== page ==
Hemocellular Therapeutics Inc. closed a seed round of $1 million at the end of last year it says will enable it to submit a pre-independent new drug (IND) filing to the U.S. Food and Drug Administration (FDA).
Stan Eskridge, president of Hemocellular, tells Local Tech Wire the financing “will get the company through our first critical milestone, submitting a pre-IND filing for its first product, Stasix.
Stasix, a “hemostatic therapeutic,” stops active bleeding that can’t be staunched by putting pressure on a wound. Hemocellular licenses its technology from the University of North Carolina at Chapel Hill and East Carolina University.
Eskridge says it will be extremely useful in stopping bleeding by accident victims, heart surgery patients and others.
The company’s technology solves a number of problems in storing blood products, Eskridge says. “Blood banks have to throw out blood platelet’s after five-days because they acquire bacteria so quickly,” he explains. “Our stuff is nearly sterile and can survive extended periods at room temperature and years in refrigeration.”
Solves industry problems
Eskridge says the company’s products – including those in the pipeline – can solve the “blood industry’s logistics problems.”
Hemocellular’s products are based on “freeze-dried,” human platelets — the component of blood primarily responsible for starting coagulation.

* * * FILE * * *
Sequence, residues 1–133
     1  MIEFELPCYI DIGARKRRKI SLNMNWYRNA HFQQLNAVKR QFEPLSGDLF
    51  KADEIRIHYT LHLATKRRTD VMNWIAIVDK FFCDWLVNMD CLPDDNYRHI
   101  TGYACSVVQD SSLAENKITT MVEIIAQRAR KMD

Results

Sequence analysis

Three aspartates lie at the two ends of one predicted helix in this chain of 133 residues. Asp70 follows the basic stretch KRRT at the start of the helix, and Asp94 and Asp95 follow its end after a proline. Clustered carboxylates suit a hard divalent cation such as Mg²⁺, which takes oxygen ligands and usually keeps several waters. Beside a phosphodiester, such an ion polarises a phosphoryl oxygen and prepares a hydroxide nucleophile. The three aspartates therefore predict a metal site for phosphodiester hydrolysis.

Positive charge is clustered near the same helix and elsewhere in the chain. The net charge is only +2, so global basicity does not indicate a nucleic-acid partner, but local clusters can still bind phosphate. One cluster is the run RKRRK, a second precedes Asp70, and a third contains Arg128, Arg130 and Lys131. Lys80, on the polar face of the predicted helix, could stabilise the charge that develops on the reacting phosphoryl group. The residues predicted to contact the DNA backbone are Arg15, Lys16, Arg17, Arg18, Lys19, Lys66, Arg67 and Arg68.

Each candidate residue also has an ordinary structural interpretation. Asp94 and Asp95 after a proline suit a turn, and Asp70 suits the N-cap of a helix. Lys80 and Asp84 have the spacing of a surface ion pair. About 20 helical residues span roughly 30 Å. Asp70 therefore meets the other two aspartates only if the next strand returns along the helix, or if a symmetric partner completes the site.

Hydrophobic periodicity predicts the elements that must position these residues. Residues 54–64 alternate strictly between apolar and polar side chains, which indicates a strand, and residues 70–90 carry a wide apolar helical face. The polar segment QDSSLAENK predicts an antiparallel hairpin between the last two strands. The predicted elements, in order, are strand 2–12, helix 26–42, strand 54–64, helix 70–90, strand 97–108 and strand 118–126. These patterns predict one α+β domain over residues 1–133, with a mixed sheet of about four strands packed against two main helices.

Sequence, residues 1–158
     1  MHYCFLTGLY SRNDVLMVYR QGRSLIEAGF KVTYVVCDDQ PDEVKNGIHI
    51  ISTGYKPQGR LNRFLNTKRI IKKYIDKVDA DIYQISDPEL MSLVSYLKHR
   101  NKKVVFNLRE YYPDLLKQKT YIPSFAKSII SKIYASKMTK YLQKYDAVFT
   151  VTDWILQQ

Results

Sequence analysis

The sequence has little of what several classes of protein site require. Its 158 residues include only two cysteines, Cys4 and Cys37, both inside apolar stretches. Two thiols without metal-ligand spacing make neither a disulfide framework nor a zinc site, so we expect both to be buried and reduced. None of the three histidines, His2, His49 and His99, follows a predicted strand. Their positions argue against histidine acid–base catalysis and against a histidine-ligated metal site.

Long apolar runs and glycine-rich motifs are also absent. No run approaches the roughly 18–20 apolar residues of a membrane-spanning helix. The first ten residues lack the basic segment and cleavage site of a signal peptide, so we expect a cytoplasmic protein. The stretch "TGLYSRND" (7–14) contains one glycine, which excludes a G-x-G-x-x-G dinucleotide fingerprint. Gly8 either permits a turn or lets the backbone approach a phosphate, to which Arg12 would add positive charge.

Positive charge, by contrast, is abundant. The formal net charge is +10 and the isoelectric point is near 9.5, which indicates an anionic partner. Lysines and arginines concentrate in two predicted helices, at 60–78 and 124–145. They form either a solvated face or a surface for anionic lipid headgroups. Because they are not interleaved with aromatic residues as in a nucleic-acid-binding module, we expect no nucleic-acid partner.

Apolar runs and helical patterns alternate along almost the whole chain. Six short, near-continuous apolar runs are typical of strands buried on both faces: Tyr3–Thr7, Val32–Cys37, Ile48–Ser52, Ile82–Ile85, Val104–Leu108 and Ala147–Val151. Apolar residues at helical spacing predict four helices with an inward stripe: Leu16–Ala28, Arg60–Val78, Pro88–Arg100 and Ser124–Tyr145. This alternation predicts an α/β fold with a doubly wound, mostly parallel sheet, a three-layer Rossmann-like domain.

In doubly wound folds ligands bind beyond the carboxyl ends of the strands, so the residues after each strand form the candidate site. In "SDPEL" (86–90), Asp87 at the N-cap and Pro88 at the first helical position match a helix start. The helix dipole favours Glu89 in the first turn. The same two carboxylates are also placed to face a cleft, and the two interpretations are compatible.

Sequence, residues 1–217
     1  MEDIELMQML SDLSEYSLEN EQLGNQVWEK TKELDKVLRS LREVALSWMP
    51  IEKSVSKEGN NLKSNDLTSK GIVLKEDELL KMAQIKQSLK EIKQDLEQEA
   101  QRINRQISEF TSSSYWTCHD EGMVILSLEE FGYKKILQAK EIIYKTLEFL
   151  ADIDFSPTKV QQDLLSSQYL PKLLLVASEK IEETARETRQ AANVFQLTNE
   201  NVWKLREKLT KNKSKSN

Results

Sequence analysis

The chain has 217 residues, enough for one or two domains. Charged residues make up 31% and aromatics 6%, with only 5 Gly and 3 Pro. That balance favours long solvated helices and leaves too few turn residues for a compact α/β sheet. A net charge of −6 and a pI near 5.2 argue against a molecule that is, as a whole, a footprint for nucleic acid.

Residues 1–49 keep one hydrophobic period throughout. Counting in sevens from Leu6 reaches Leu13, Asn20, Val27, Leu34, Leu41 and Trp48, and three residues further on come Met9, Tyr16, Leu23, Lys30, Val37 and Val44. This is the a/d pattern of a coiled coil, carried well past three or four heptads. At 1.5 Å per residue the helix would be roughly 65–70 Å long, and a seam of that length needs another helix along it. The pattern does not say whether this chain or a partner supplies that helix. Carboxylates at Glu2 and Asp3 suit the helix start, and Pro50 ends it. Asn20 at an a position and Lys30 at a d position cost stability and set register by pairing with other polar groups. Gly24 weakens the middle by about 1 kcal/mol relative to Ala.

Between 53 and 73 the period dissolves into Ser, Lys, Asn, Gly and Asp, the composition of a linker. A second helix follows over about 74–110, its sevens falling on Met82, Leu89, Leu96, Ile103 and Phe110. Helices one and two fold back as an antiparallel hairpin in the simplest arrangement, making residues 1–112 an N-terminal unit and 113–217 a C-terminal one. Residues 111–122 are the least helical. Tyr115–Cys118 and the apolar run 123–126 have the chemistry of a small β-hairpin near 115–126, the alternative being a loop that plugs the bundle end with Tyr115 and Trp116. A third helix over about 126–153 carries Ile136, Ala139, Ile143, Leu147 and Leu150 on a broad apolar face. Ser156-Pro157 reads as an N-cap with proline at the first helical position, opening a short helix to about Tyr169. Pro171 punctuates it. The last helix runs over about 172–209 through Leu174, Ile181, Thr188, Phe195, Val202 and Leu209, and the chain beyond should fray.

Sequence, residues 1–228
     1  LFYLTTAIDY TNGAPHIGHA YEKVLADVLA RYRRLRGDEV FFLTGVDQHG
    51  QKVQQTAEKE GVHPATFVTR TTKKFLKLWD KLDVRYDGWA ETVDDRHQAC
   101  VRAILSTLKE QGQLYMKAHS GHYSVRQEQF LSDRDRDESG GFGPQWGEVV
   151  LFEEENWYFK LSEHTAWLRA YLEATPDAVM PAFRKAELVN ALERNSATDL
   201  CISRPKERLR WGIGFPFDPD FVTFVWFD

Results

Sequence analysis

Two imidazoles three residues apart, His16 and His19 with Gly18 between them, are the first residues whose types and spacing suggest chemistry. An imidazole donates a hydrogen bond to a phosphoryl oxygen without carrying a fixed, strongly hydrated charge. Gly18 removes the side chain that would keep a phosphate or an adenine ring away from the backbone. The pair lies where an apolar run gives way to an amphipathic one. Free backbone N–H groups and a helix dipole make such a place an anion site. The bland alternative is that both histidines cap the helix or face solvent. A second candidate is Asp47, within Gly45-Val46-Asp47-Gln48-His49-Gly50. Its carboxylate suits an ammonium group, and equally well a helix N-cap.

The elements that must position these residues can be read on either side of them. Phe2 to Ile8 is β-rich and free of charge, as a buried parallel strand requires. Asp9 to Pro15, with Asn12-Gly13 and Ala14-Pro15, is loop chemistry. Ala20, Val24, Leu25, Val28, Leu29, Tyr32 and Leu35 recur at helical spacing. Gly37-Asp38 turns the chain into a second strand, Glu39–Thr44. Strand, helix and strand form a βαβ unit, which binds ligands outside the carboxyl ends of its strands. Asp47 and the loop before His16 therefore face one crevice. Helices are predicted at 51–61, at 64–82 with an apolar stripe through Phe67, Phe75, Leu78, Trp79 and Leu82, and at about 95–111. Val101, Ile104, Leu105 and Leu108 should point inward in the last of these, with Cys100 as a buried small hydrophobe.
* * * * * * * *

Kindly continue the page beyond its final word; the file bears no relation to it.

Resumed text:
Hemocellular’s freeze-dried platelets resulted from a decade of research supported by initial federal funding of $10 million. The products it is developing have obvious military and national security defense applications.
The company’s scientific founders, Dr. Arthur P. Bode of ECU and Dr. Thomas H. Fischer of UNC, led the research efforts.
Eskridge says the company has just hired two persons to bring the company’s paid staff to three. It plans to announce the new hires in about two weeks, he says. It’s still a virtual company with executives working from home offices. “We’re very conservative when it comes to spending money,” he says.
BD Ventures, Franklin Lakes, NJ, private investors mostly from eastern NC, and several of the company’s key scientific and business advisors also invested in the seed-round.
Clay B. Thorp, general partner of Catalysta Ventures and BioVista Capital, was elected to Hemocellular’s board.
“Of the many therapeutics companies we have reviewed over the past three years, Hemocellular has the strongest potential to enter and complete clinical trials in a short amount of time,” says Thorp.
Eskridge says Hemocellular will be a candidate for a follow-up round from BioVista, which he says he’s confident will close its fund. BioVista has yet to close its planned fund, but stands to get a large chunk of investment cash from the Golden Leaf Fund if it does.
The company plans to consider how much to seek in its next financing round at its board meeting this Friday, says Eskridge.
Dr. Dana M. Fowlkes, chairman of Hemocellular says, “This funding will be sufficient to enable the company to prepare and submit its pre-IND for its first product. That in turn will establish the agenda for our first clinical trial and set the foundation for our next financing.”